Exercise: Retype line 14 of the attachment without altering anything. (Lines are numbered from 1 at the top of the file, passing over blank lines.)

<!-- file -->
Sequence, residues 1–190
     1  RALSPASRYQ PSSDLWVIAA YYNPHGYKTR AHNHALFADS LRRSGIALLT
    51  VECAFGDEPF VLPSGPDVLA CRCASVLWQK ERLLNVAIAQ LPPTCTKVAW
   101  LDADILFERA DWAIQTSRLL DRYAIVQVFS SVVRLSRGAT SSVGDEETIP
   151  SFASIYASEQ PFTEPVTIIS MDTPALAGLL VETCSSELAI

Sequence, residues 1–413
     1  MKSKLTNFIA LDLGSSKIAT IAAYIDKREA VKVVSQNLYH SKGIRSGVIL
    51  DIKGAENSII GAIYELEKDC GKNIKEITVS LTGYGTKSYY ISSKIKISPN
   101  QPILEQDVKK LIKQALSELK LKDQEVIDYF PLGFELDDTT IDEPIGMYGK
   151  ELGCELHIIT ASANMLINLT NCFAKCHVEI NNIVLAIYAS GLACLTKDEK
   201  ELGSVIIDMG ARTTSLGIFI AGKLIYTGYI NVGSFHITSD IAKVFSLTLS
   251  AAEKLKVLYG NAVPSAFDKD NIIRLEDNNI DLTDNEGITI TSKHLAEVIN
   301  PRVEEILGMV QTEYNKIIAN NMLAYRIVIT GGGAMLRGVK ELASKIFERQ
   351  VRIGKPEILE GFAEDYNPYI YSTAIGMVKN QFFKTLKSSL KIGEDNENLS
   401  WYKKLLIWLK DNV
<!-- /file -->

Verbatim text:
   351  VRIGKPEILE GFAEDYNPYI YSTAIGMVKN QFFKTLKSSL KIGEDNENLS